Annexation analysis

Ashley Smith · Wednesday, April 26, 2017
On April 18, the West Liberty City Council met with Vanessa Fixmer-Oraiz and Steve Long of HBK Engineering in a council work session on West Liberty’s recent annexation study.

Long and Fixmer-Oraiz presented a draft of the study, which analyzed the costs and benefits of increasing West Liberty city limits to include surrounding areas to the north and southwest.

The engineering firm used a variety of sources in completing the study, including West Liberty’s 2016 Comprehensive Plan update, existing water and sewer lines, and public opinion regarding housing options in West Liberty.

The draft explained that contributing factors to current public opinion include “an aging housing stock, a lack of housing diversity, a cost of homeownership that is unattainable for young families, and rehabilitation costs for landlords and homeowners alike.”

During the presentation, Long explained that there are two ways that the city can annex surrounding land.

Voluntary annexation is the most popular option, said Long.

“There’s only a couple cases where we have not seen voluntary annexation in the state of Iowa,” he said.

In a voluntary annexation, at least 80 percent of the landowners must agree to the annexation.

According to Long, the other option is involuntary annexation.

Six different entities can request an involuntary annexation, including City Council, County Board of Supervisors, regional planning authority, or the City Development board. Annexation can also be requested by 5 percent or greater of the City’s electors, or by electors in the area proposed for annexation.

In the draft study, HBK noted that “these types of annexations can be contentious and emotional, and are not very common in the Iowa landscape.”

In either case, annexation of any areas outside of City limits must be adjoining, with a common boundary for no less than fifty feet. No “islands” may be created by the annexation.

The annexation study was completed using a two pronged approach for cost-benefit analysis, said Fixmer-Orais.

First, the process used current property tax information for areas located outside the city, and replaced them with the increased City tax rate. This showed an increase in property tax costs to the homeowner, as well as an increased tax base for the city of West Liberty.

Next, the study analyzed the change in premium utility fees that residents outside city limits currently pay. Incorporation into the City would result in a decreased cost in utility fees to landowners, who are currently paying a premium County fee. At the same time, this reduction would result in a loss of revenue for the City.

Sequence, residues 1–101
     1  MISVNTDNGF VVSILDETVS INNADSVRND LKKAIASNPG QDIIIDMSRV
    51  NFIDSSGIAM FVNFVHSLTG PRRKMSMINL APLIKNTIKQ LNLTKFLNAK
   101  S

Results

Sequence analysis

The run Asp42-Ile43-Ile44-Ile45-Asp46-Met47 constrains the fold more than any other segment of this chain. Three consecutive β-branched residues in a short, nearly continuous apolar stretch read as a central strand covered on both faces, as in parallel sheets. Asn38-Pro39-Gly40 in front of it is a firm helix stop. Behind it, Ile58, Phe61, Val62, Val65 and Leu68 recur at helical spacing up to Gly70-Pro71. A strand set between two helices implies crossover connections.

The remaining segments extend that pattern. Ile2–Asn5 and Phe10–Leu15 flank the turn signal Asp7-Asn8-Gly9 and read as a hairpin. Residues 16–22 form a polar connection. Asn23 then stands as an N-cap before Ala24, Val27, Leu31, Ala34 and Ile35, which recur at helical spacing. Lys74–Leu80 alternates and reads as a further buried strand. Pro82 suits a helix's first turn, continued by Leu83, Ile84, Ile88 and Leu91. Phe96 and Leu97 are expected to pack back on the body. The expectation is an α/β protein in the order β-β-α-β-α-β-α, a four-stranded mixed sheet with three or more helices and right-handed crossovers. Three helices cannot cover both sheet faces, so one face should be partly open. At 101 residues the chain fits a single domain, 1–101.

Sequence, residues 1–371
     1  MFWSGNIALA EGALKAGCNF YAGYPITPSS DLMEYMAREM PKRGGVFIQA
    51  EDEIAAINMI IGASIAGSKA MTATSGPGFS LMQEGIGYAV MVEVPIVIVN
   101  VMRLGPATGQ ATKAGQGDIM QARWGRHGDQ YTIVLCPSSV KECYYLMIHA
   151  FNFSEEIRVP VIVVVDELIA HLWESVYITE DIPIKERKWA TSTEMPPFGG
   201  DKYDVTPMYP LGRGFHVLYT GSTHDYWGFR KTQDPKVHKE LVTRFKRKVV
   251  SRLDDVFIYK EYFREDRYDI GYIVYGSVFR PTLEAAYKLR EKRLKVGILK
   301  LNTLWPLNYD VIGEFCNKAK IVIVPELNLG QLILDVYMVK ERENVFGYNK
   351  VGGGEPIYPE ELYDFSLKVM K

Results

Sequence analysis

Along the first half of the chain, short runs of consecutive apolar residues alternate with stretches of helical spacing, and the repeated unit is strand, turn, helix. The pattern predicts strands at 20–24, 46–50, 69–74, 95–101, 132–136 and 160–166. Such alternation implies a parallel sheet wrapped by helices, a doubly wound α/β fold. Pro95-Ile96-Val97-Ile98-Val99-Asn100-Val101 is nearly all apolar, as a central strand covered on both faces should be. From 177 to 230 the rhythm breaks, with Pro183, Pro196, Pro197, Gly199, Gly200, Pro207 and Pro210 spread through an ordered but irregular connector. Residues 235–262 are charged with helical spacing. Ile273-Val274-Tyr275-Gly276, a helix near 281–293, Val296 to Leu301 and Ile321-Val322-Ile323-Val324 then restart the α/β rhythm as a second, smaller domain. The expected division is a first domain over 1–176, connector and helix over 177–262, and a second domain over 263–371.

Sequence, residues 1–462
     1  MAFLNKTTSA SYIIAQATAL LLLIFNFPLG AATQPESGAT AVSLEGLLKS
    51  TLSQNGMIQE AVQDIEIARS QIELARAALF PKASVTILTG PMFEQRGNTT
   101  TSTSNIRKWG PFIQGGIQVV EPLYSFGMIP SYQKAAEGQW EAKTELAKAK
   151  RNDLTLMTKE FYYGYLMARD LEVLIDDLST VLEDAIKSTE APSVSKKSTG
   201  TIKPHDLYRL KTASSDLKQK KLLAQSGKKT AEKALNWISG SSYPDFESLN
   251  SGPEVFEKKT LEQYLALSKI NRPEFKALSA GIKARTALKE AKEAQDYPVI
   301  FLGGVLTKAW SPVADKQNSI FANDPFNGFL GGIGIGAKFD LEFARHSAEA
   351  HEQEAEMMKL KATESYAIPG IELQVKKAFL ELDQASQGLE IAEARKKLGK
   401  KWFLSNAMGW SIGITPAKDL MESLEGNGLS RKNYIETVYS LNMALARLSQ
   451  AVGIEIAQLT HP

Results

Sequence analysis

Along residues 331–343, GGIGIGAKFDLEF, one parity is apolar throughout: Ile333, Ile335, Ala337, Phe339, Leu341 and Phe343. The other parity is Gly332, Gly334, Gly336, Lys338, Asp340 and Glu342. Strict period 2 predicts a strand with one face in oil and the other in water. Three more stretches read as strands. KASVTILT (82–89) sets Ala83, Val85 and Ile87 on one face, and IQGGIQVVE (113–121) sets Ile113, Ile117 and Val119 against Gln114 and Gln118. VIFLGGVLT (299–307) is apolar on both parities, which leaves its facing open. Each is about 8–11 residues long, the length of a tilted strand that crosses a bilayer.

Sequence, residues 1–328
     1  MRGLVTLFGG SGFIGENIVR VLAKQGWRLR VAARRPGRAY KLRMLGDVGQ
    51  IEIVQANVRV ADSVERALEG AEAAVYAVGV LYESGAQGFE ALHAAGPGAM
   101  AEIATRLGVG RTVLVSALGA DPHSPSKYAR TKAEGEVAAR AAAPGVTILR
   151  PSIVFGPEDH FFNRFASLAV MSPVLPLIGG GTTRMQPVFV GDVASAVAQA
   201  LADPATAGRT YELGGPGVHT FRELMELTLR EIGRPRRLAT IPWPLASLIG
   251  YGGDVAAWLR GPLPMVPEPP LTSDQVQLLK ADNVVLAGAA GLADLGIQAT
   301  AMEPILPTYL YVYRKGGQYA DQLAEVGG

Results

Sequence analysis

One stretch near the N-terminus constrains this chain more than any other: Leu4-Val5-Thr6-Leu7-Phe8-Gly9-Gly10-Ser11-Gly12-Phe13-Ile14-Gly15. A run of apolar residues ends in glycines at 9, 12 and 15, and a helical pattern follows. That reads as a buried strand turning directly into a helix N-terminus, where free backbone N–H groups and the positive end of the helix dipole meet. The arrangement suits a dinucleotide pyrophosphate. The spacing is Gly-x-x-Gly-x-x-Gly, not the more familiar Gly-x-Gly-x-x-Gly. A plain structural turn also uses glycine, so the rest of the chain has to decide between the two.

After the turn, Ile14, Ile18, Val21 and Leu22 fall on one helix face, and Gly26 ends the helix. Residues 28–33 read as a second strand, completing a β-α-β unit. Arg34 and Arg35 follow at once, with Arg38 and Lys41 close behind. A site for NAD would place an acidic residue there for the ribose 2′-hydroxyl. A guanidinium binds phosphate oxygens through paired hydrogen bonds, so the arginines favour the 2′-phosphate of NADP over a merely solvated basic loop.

In these calculations, the firm used current municipal service fees and tax property data from the fiscal year 2016-2017.

With a larger tax base, the city would also receive additional funds from the state in the form of Road Use Tax Funds (RUTF). The study did not take into account potential costs and benefits of the future curbside recycling program.

One area recommended for annexation consideration is the area southwest of the city, including Hormel’s Acres, Country Heights, Terrace Ridge and Elder Ridge. The area consists primarily of single-family homes and duplex townhomes, with an average taxable property value around $218,000.

According to HBK’s presentation, landowners in the southwest area could see a monthly increase in property taxes as low as $20 per month for owners of an undeveloped parcel of land.

Households valued under $200,000 might see a monthly tax increase up to $100, while owners of large houses with values near $400,000 could see an increase of $200 per month.

“The average annual household savings for utilities would be upwards of $600, which would help to balance out the tax increase,” said Fixmer-Orais.

“The premium if you’re living outside of city limits for water and sewer is almost two times more than if you move to the city,” she said.

Residents of the southwest area excluding Country Heights would experience an average annual savings for $670 for water and sewer utilities, according to the study.

Residents of the Country Heights development would save, on average, $330 annually per household for water. However, Country Heights does not receive city sewer services, which municipal code requires, said Fixmer-Orais.